a violently fast stream of water or other liquid
It was pouring down in
torrents and the wind was "wuthering" round the corners and in the chimneys of the huge old house.
"Wuther" is a word used only in British English, and it means "to blow strongly with a roaring sound"--the wuthering and torrential weather matches Mary's miserable and angry mood, because it prevents her from working with Dickon in the secret garden. It also matches Colin's fretful crying, motivates Mary to find the crier, and foreshadows a later conflict between the two.
filled with or evoking sadness
mournful sound kept her awake because she felt
discontented as toward authority
Perhaps the fact that she was in a
rebellious mood made her bold.
very unhappy; full of misery
My mother died when I was born and it makes him
wretched to look at me.
under a moral obligation to do something
"Every one is
obliged to do what pleases me," he said indifferently. "It makes me ill to be angry. No one believes I shall live to grow up."
familiarize psychologically or physically
He said it as if he was so
accustomed to the idea that it had ceased to matter to him at all.
Most people, especially children, are not accustomed to the idea of dying. But the key phrase here is "as if" because Colin really doesn't want to die, but everyone keeps telling him he will, so the words have ceased ("have an end in a temporal, spatial, or quantitative sense") to have much meaning. Also, because his birth caused his mother's death, Colin and his father do not place much value on his life.
appeal or request earnestly
"If you won't make them take you to the garden,"
pleaded Mary, "perhaps--I feel almost sure I can find out how to get in sometime.
disturb, especially by minor irritations
Tha' doesn't know what he's like when anything
cause to become awake or conscious
If he'd been like he is most times he'd have throwed himself into one of his tantrums and
roused th' house.
physically disturbed or set in motion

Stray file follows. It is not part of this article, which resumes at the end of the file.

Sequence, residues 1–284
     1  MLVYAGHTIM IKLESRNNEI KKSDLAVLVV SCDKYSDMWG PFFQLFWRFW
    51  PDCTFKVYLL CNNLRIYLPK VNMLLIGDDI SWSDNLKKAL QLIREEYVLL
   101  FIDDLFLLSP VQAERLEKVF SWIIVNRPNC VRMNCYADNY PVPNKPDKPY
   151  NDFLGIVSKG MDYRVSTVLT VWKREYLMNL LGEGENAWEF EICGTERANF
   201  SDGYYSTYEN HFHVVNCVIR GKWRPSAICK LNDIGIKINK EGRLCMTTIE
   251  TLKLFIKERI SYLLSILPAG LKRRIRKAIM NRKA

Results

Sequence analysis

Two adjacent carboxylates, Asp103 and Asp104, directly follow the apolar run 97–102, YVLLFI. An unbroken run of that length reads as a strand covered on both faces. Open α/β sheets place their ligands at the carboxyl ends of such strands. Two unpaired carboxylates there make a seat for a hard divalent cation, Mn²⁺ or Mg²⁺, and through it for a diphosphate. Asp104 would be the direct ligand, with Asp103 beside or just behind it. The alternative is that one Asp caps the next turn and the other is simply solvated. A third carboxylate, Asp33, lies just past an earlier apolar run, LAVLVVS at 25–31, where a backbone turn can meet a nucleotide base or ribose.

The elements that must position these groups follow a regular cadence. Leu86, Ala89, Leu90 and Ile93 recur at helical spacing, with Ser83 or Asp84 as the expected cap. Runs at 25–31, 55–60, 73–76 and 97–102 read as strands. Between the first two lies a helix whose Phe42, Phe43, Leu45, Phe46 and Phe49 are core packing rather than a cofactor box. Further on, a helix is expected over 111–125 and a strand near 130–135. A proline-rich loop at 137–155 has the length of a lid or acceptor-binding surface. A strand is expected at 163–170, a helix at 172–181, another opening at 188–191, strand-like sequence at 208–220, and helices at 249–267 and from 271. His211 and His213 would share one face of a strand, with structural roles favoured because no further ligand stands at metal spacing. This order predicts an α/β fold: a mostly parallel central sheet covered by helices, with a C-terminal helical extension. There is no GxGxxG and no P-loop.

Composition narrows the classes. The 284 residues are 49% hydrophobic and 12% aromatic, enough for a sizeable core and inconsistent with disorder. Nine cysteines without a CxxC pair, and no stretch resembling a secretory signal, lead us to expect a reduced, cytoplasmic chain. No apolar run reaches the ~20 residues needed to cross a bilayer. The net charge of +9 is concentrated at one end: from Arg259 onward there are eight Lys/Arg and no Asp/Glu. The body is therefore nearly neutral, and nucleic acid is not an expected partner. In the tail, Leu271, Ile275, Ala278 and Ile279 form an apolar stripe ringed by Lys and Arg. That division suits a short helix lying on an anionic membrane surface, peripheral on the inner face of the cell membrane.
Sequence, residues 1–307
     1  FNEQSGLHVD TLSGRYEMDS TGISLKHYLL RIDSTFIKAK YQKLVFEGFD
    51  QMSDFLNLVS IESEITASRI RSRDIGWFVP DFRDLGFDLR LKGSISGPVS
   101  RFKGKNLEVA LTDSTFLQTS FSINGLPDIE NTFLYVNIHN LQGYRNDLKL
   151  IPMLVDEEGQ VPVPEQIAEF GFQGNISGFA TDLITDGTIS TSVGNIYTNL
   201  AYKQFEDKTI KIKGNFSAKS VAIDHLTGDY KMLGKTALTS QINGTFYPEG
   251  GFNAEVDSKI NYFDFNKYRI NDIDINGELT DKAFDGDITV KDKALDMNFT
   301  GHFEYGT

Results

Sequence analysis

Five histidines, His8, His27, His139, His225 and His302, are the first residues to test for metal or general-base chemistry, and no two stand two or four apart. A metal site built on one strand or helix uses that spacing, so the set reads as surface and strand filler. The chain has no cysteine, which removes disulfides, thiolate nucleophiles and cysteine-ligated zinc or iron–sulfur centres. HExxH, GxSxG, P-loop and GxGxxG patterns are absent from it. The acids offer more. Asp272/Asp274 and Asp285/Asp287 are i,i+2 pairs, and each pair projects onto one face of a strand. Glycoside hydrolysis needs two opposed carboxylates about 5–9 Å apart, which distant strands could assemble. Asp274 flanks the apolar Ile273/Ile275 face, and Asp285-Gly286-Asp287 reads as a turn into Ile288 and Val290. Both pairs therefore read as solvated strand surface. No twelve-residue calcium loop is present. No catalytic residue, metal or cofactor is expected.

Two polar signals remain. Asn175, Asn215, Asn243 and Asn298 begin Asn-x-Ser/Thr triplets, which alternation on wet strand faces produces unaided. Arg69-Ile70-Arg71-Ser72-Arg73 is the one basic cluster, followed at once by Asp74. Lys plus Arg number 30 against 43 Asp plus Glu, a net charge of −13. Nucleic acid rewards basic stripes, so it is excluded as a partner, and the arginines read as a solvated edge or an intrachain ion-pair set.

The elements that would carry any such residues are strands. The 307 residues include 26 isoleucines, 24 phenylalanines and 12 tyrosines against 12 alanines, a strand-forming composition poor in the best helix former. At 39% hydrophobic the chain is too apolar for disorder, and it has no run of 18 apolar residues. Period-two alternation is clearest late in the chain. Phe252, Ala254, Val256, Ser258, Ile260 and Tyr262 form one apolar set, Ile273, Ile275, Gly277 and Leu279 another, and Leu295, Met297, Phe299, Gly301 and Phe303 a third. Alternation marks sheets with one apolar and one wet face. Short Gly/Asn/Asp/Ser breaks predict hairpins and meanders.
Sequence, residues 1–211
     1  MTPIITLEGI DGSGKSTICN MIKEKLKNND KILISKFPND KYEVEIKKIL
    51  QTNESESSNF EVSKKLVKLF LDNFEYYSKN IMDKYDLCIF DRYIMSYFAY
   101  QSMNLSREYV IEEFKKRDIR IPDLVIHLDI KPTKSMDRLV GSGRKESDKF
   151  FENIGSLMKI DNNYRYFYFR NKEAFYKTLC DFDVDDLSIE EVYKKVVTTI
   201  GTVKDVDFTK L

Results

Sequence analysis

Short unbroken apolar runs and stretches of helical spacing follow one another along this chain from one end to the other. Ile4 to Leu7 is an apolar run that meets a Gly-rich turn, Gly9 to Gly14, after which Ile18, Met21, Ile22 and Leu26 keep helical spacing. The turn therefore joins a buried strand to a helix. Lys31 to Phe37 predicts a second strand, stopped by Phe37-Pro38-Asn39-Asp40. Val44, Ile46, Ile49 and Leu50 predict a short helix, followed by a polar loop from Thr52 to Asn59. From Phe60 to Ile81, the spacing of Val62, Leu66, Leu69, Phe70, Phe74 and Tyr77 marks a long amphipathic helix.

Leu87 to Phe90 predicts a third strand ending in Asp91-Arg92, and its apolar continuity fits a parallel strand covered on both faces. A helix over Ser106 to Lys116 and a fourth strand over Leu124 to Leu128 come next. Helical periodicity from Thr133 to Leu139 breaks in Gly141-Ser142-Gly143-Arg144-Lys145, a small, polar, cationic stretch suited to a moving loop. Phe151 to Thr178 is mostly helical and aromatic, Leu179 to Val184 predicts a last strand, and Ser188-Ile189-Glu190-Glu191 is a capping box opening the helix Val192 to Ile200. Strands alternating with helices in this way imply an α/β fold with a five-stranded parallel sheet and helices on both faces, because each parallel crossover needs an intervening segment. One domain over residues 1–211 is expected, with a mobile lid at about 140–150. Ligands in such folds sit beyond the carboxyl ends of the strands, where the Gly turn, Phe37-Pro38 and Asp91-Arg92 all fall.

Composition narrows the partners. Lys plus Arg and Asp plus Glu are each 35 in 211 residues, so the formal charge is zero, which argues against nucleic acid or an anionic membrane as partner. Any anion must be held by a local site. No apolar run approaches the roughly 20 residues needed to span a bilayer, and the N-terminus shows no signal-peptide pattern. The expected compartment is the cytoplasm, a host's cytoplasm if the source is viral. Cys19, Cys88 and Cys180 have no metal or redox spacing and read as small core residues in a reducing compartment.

"I don't know what to do!" cried
talk in a noisy, excited, or declamatory manner
raved and said it'd be another hunchback like him and it'd better die.
the state of having important effects or influence
Colin answered as if neither the doctor's alarm nor Mrs. Medlock's terror were of the slightest
expressing reproof especially as a corrective
Dr. Craven turned reproachfully to Mrs. Medlock.
"Reproach" and "reproof" are synonymous nouns meaning "an act or expression of criticism and censure"--Dr. Craven turns away from Colin, whom he dares not criticize, to reproach, reprove, and censure (all synonymous verbs) Mrs. Medlock, whom he believes should've kept a better eye on Mary and prevented her from finding his secret patient.
filled with or evoking sadness
So it was not very pleasant when she opened the door of her room, to see Martha standing waiting for her with a
do something that one considers to be below one's dignity
Colin frowned and
condescended to look at her.
marked by tenacious unwillingness to yield
She just grew sour and
obstinate and did not care what happened.
"If you send Dickon away, I'll never come into this room again!" she
marked by extreme intensity of emotions or convictions
"Shall they, Mr. Rajah!" said Mary fiercely. "They may drag me in but they can't make me talk when they get me here. I'll sit and clench my teeth and never tell you one thing. I won't even look at you. I'll stare at the floor!"
look at with a fixed gaze
They were a nice agreeable pair as they
glared at each other.
The example sentence has both an ironic and pun-filled tone: Mary and Colin are fiercely arguing, not nicely agreeing, but they are agreeable ("conforming to your own feelings or nature") in their identical angry glares.
express through a scornful smile
"A nice angel!" Colin
sneered ferociously. "He's a common cottage boy off the moor!"
deserving or inciting pity
He was beginning to feel
pathetic and sorry for himself--not for any one else.
prove negative; show to be false
contradicted Mary unsympathetically.
marked by extreme anger
He was at once
furious and slightly pleased, if a person could be both at one time.
a malicious woman with a fierce temper
"If he'd had a young
vixen of a sister to fight with it would have been the saving of him."
cause physical suffering to and make sick or indisposed
"Hysterics and temper are half what
She felt so sour and
unrelenting that for a few minutes she almost forgot about Dickon and the green veil creeping over the world and the soft wind blowing down from the moor.
go upward with gradual or continuous progress
She flew along the corridor and the nearer she got to the screams the higher her temper
move in a twisting or contorted motion
"I felt the lump--I felt it," choked out Colin. "I knew I should. I shall have a hunch on my back and then I shall die," and he began to
writhe again and turned on his face and sobbed and wailed but he didn't scream.
dignified and somber in manner or character
Every rib could be counted and every joint of the spine, though Mistress Mary did not count them as she bent over and examined them with a
solemn savage little face.
"Solemn" also means "characterized by a firm belief in your opinions"--both definitions fit the situation because Mary is solemnly examining Colin's back as if she were a doctor, because she wants to prove her solemn statement: "There's nothing the matter with your horrid back--nothing but hysterics!"
temporary loss of strength and energy from hard work
But he had lain and thought of himself and his aches and
weariness for hours and days and months and years.